In his 2002 novel, The Dark Virgin, Oakland Ross wrote about the 16th-century conquest of Mexico. The Empire of Yearning jumps forward to the political and economic chaos of Mexico in the 1860s. Maximilian, an Austrian, is on the throne, and Benito Juárez, the liberal president, is trying to gather the strength to take over. Napoleon has provided military forces. Basically, the country is a mess.
At the centre of the novel is Diego Serrano, a one-armed poet. His best friend, Baldemar Peralta, attempts to assassinate General Leonardo Márquez in a comically bungled sequence that kicks off the book with a peculiar combination of humour and pathos. The novel blends the political and the personal, and the fictional Serrano treads a fine line between warring factions as he figures out where his true loyalties lie.
The Empire of Yearning is bursting with intrigue and violence. Maximilian and his wife, Carlota, are childless and need an heir. Juárez needs guns. Baldemar wants revenge for the murder of his uncle. The church and state each wants control, but power remains elusive. Conservatives clash with liberals. Mexicans, Europeans, and Mestizos all vie for power.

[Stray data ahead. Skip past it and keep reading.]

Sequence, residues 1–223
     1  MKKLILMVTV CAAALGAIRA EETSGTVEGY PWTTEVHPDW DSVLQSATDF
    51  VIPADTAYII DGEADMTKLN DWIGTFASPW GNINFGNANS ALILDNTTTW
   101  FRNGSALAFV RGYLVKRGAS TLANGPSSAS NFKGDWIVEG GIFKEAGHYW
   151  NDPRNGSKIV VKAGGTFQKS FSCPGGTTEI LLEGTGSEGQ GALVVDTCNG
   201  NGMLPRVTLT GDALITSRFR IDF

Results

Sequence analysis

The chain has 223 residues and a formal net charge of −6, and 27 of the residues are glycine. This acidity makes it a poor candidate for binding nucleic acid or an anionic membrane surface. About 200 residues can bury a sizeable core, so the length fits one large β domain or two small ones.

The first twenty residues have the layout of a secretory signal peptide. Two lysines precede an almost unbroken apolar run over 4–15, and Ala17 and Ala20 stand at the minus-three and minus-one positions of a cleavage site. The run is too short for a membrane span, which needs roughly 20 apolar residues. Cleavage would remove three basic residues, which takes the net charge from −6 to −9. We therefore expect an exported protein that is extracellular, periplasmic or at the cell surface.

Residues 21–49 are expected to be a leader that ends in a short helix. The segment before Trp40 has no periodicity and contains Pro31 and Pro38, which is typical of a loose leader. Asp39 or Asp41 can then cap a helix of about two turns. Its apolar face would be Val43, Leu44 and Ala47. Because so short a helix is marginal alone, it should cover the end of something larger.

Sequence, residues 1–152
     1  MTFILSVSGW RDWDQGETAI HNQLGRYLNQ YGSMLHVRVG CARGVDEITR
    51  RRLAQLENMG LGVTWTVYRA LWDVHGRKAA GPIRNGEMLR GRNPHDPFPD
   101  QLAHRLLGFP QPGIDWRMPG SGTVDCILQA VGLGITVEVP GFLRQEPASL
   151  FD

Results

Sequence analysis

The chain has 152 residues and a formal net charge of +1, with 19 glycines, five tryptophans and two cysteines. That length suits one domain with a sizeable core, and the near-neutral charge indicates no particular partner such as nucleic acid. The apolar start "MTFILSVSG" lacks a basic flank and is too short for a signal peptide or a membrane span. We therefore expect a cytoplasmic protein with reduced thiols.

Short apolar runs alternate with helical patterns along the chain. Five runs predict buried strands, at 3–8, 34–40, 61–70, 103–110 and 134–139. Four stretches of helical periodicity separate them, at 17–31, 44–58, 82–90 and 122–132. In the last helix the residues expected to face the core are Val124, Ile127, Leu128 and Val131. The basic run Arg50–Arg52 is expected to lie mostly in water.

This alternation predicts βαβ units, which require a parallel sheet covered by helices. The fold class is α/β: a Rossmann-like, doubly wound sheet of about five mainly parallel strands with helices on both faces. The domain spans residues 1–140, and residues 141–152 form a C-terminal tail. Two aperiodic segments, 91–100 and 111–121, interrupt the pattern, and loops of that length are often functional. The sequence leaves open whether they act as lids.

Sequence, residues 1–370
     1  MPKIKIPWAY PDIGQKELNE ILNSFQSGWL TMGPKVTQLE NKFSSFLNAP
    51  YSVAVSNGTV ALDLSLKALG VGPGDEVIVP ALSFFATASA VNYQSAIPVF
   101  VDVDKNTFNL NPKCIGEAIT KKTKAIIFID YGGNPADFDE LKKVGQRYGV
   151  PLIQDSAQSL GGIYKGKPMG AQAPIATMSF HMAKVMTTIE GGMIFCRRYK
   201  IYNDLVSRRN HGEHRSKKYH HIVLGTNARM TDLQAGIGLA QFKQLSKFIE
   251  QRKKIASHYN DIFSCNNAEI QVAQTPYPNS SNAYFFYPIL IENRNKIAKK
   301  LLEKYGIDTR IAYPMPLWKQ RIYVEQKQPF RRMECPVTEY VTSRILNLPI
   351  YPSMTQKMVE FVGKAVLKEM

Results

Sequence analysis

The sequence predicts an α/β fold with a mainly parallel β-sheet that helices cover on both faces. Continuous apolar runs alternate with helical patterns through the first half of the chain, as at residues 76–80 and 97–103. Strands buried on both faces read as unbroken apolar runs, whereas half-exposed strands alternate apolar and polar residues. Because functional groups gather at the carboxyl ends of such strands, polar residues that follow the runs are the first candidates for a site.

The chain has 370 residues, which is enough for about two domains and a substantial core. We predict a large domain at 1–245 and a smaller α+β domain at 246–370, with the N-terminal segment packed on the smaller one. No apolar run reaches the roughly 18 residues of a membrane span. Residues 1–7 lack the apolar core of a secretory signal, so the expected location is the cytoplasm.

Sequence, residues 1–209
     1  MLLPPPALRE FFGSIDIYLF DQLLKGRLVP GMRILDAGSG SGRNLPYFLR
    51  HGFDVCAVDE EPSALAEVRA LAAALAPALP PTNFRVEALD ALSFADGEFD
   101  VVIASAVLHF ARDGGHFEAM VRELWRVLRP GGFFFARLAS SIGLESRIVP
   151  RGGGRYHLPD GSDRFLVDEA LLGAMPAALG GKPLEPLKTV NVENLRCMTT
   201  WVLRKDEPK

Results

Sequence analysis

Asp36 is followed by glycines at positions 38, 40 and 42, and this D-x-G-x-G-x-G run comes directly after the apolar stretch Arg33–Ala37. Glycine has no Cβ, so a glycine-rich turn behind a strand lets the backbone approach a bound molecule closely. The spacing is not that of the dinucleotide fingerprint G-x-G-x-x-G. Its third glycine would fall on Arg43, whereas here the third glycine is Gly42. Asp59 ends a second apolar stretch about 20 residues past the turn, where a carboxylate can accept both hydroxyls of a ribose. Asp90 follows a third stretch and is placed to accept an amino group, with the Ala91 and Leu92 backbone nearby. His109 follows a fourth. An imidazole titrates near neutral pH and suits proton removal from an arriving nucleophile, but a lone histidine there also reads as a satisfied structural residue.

As its title suggests, the novel’s theme is yearning: characters, both fictional and historical, are driven by appetite, be it political, economic, or sexual. Ross has marshalled gripping material, but character development is limited, and the plot frequently verges on the melodramatic.
The author clearly shows the extent to which one’s circumstances of birth affect one’s life, but it’s difficult to bond with characters who race from one scheme to another, leaving general destruction in their wake. The female characters are particularly challenging in terms of believability, but then they are mostly at the mercy of men who try to dominate them. The plot chugs along, delivered in short sentences that convey information but not much flavour.